Extension Home Page
Volume 9, No. 4 Winter 2003
A University of Florida Cooperative Extension Service and Florida Division of Forestry joint project:
Chris Demers (editor), School
of Forest Resources & Conservation, UF, P.O. Box 110410, Gainesville,
FL 32611-0410, (352) 846-2375 or email@example.com
|Tax Tips for 2002|
Hard to believe it’s already time to start thinking about tax time again, but here we are at the beginning of 2003. The following is a summary of “Tax Tips for Forest Landowners for the 2002 Tax Year” by Larry Bishop, Forest Taxation Specialist with the U.S. Forest Service. This is intended to inform you of some of the things to keep in mind when preparing your Federal income tax return for the 2002 tax year, particularly if you incurred any costs, revenues or cost-share payments associated with timberland management. This is by no means exhaustive and we strongly recommend consulting other sources for a more comprehensive treatment of this topic. Some useful on-line resources are provided at the end.
Your Basis and Tax Records
Passive Loss Rules
If you are an active participant in a timber business you must dispose
of your timber under the provisions of Section 631 to qualify for capital
gains. This means that timber must be sold on a pay-as-cut or “cut
and convert” basis rather than lump sum. If you have considerable
passive income, such as Conservation Reserve Program annual payments,
it may be to your advantage to be considered a passive participant.
Caution: the credit and 7-year amortization are subject to recapture if you dispose of your trees within 5 years of planting for the credit; and within 10 years of planting for the amortization.
Capital gains and Self-employment Taxes
1 - Include the payments as income and then recover the part that you pay plus the cost-share payment through the amortization and reforestation tax credit described above.
2 - Exclude the “excludable portion” from income if certain
conditions are met:
Cost-share programs approved for exclusion by the IRS are the Forestry Incentives Program, Forest Stewardship Incentive Program, Wetlands Reserve Program, the Environmental Quality Incentive Program, and the Wildlife Habitat Incentive Program. If you decide to exclude, you must attach a statement to your return that states specifically what cost-share payments you received, that you choose to exclude some or all of them, and how you determined the excludable amount.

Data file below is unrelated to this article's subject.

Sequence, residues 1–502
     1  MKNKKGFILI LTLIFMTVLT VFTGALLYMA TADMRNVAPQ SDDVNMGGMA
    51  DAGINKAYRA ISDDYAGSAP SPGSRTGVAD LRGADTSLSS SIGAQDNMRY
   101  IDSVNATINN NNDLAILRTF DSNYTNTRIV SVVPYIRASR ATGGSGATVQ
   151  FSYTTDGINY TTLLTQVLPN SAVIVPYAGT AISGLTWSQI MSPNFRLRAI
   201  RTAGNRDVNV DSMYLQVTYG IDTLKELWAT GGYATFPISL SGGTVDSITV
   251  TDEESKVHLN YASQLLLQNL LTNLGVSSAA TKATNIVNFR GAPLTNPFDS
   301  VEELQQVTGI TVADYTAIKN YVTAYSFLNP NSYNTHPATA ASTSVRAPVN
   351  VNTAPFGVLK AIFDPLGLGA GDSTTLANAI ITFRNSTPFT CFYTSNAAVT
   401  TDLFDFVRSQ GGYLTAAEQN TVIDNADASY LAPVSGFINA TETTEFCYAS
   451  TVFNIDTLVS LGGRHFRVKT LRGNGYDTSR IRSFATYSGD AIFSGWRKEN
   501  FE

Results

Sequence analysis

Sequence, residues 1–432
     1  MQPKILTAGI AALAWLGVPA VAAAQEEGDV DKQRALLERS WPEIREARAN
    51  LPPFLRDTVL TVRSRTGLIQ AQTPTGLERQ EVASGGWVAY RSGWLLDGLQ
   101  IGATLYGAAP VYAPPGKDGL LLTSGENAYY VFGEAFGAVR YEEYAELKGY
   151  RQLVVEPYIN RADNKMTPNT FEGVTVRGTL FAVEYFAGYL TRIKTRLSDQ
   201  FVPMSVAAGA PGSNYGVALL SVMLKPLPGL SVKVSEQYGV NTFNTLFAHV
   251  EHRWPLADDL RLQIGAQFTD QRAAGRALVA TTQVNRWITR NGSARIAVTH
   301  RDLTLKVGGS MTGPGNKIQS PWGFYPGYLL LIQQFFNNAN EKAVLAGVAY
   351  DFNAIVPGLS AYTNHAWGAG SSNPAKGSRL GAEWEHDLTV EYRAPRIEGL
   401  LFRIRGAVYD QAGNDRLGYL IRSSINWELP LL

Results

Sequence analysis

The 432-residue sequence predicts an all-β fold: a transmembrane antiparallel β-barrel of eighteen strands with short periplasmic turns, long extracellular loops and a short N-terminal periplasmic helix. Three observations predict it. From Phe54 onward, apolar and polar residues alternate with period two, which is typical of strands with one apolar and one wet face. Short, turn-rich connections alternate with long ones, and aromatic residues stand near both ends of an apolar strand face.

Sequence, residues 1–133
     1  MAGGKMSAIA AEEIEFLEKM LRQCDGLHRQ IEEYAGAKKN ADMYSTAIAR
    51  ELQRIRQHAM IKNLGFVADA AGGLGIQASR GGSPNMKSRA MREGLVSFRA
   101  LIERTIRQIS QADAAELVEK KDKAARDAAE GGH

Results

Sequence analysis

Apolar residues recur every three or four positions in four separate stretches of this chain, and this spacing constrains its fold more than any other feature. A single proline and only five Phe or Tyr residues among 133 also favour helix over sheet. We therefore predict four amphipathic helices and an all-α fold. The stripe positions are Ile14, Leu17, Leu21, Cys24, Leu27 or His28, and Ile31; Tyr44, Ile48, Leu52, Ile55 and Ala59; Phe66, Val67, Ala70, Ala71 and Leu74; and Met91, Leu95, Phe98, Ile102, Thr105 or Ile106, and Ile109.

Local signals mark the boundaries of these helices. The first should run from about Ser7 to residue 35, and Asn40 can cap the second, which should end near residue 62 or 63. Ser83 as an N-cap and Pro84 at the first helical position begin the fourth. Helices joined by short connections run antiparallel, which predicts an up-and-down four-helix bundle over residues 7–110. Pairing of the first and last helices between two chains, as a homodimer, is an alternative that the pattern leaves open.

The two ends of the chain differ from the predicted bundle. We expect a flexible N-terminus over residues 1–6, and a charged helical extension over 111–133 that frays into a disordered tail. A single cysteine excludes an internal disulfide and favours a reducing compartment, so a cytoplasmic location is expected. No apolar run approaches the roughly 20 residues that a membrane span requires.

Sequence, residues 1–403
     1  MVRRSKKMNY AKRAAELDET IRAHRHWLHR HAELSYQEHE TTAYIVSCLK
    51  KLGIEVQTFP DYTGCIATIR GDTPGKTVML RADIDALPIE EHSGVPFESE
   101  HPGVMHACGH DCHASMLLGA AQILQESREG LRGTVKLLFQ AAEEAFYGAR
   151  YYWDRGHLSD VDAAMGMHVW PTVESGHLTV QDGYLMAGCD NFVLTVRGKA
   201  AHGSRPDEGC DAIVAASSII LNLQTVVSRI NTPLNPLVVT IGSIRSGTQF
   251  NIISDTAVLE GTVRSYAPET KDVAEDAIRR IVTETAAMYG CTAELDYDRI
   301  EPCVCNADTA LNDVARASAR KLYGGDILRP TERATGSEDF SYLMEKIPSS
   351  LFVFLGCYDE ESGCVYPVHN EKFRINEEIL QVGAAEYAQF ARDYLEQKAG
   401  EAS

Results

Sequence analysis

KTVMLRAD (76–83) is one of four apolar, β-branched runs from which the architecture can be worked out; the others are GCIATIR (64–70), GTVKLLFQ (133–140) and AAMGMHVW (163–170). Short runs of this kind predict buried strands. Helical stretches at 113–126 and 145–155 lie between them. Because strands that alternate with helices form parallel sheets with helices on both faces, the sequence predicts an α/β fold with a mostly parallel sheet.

Conservation Reserve Program (CRP)
Management and Maintenance Expenses
Proper tax planning is a tedious but important part of timberland management. We strongly recommend contacting a professional tax advisor to help you with this task if you are uncertain of the procedures.
Timber Tax Resources on the Internet:
“The Forest Landowners Guide to the Federal Income Tax” (Ag. Handbook No. 718) provides a thorough overview of timber taxes. You can access this, “Tax Tips for Forest Landowners for the 2002 Year”, and other publications on-line at the bottom of the Southern Region Forestry Extension page at www.soforext.net/
See the National Timber Tax Web Site for a comprehensive treatment of timber taxes at www.timbertax.org
IRS publications and forms are available at www.irs.gov.
Findings by Longleaf Alliance
Production of container-grown longleaf seedlings has almost doubled since 1996 (data collected by the Longleaf Alliance). As container production increased across the Southeast, planting guidelines for container-grown longleaf appear to have been adapted from bareroot longleaf planting guidelines. Many tree planters, experienced in planting bareroot loblolly and slash pine, believe that “deeper is better” regardless of the pine species being planted. Planting guidelines for longleaf typically emphasize a narrow planting window with a major concern with “shallow planting” that will expose the plug. The prevailing theory is that an exposed plug will act as a “wick”, drying out the plug and increasing the chances of seedling mortality. Furthermore, most guidelines allow for the terminal bud to be covered with soil at the time of planting, assuming that erosion will uncover the bud and allow unrestricted growth. Consequently, these planting guidelines tend to encourage “deep planting”.